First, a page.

Once in the tea-house, Yukiko showed us how to store our shoes in the old “lockers”, and secured a table for us. She explained the tea ceremony as we all enjoyed matcha and wagashi (the treat that accompanies the matcha). The sweetness of the wagashi balances the bitterness of the matcha, to make an enjoyable combination. Yukiko explained how the matcha is made with the wooden whisk and how to hold the tea cup properly (when you pick up the bowl, turn it twice, drink the tea, turn it twice the opposite way, then set it down). The tea-house has impressive views overlooking the lake on one side and a traditional rock garden on the other.
Riverboat along the Sumida River
Next we walked longer along the paths in the garden to the dock. We took the riverboat along the Sumida River to Asakasa. This was a pleasant ride and we saw a great portion of the city this way (as opposed to the subway). A group of school children, wearing matching hats, were also on the boat and it was fun to watch them. It is interesting that some girls were playing the same game that my daughter plays at her school in the US (we call it “sticks”). Yukiko made time on the boat to teach our daughter some Japanese characters. Yukiko had brought along a worksheet to show her how to write the characters. Our daughter loved this!
Next stop was the traditional area of Tokyo called Asakusu (the Japanese pronounce it Ah-sak-sa). Here is the famous Senso-ji Temple. Yukiko explained to us the difference between a shrine (Shinto religion) and a temple (Buddhist religion), and explained the meaning of the pagoda and statues. After learning about the temple and the ceremonies associated with it, we headed down the souvenir street. Yukiko was very patient with us as we looked in the shops that ranged from food to throwing stars to traditional Japanese shoes. She even helped us to look for the perfect souvenirs to bring back for our nieces and nephews.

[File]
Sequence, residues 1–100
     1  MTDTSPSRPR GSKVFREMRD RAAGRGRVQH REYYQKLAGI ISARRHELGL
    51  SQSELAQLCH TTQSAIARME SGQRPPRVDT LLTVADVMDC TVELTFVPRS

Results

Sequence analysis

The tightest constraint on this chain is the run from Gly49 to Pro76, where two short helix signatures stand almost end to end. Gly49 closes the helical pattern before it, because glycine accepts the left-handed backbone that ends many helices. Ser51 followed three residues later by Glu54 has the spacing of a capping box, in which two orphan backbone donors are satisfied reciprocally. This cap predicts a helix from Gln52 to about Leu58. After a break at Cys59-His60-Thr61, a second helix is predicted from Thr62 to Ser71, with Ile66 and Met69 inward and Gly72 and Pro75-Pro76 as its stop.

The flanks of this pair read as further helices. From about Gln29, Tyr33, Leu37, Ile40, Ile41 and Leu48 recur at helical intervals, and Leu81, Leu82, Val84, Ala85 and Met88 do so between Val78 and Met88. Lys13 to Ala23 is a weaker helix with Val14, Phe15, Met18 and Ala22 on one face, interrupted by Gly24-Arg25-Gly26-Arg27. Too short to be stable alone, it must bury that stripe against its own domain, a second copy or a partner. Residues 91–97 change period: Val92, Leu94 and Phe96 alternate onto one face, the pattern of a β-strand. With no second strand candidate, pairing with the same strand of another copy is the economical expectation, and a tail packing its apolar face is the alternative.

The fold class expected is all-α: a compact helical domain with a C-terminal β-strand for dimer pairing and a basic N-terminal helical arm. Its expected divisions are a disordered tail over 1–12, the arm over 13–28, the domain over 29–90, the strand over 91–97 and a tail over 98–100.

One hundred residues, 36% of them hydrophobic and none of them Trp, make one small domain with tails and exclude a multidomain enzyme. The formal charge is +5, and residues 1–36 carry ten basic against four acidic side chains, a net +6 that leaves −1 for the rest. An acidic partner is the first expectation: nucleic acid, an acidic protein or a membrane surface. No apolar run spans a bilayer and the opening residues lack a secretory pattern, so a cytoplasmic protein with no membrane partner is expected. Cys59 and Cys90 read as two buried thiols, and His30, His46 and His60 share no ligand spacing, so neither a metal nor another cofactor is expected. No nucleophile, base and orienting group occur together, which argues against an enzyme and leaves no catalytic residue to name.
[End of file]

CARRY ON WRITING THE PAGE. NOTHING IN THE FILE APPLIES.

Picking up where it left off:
From Asakusa, we took the subway to Akihabara (Electric Town). This is the place to go for all things electronics, manga and characters. Knowing our daughter would love it, Yukiko led us to a “Gachapon store”. There were hundreds of machines in this one store, and we saw many other stores as we were walking around Akihabara. The name comes from the sound the machine makes when you turn the dial (gacha) and when the toy drops (pon).
Yukiko also led us to a trading card store where our daughter could find THE Pokémon card she was trying to find. We next sought out the famous “Super Potato” store that sells used video games and consoles in every format possible.
The End of the Tour
We ended the tour after Akihabara and Yukiko showed us how to take the subway back to our hotel.
We took this tour on our very first full day in Tokyo, and it was the best thing we could have done. It would have been nearly impossible to see as much as we did without Yukiko’s help. Yukiko did a great job of explaining the subway system, helping us to purchase a pasmo card, and explaining the customs and the history. She is patient and wanted us to enjoy ourselves. Yukiko was outstanding with our daughter who had many questions. We really liked Yukiko’s personality and she speaks English very well. I would highly recommend Yukiko, and Triplelights.com.